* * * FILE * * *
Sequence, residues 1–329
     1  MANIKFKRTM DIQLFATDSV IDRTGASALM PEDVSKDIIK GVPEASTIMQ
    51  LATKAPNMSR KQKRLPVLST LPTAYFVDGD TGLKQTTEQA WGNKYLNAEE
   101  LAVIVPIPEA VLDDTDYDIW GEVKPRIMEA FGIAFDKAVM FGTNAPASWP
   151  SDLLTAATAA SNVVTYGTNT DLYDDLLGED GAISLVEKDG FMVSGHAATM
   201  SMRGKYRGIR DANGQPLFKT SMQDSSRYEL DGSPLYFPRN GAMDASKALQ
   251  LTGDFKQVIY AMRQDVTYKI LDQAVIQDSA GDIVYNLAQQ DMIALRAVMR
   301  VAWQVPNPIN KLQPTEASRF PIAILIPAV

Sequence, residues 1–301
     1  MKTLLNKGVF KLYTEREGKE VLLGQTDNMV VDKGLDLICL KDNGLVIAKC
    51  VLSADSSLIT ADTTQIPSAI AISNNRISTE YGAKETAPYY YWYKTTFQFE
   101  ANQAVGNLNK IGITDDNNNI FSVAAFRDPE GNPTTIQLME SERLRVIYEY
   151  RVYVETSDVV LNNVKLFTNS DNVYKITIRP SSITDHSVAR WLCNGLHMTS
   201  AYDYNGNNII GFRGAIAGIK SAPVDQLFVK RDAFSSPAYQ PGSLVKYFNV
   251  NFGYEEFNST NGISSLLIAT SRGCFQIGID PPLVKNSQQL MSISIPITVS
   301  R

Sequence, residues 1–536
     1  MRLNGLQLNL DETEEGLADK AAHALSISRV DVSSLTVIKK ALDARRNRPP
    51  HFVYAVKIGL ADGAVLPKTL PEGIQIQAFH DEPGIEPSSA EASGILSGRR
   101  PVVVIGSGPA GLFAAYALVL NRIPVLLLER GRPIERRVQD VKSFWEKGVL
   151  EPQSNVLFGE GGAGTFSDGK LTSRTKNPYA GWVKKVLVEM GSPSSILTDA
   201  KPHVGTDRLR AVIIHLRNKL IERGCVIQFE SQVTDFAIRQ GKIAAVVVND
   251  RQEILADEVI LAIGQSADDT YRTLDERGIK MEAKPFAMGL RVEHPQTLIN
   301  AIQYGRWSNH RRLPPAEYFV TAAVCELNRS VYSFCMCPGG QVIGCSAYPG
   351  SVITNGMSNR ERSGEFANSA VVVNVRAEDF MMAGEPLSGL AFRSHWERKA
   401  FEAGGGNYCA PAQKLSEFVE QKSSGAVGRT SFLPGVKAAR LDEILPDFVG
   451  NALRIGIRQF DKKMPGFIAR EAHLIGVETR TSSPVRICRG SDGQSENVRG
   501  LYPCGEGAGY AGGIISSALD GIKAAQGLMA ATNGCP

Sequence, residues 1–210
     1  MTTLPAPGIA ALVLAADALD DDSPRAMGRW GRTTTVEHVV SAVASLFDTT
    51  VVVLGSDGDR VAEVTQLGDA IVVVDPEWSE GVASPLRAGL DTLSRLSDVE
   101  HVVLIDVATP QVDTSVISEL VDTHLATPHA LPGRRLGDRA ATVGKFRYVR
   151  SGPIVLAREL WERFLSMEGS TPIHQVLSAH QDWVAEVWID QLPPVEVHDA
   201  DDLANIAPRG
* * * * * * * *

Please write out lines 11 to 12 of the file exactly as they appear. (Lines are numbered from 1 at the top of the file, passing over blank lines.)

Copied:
    51  VLSADSSLIT ADTTQIPSAI AISNNRISTE YGAKETAPYY YWYKTTFQFE
   101  ANQAVGNLNK IGITDDNNNI FSVAAFRDPE GNPTTIQLME SERLRVIYEY